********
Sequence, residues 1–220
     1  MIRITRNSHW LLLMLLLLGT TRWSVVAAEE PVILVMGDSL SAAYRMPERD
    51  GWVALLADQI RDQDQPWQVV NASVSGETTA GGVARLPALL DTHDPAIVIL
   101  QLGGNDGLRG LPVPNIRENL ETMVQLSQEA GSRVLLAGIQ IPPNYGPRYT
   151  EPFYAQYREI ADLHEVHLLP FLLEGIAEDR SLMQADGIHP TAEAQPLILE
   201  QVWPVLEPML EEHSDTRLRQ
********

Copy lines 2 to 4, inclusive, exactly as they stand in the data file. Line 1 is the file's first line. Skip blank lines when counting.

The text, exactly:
     1  MIRITRNSHW LLLMLLLLGT TRWSVVAAEE PVILVMGDSL SAAYRMPERD
    51  GWVALLADQI RDQDQPWQVV NASVSGETTA GGVARLPALL DTHDPAIVIL
   101  QLGGNDGLRG LPVPNIRENL ETMVQLSQEA GSRVLLAGIQ IPPNYGPRYT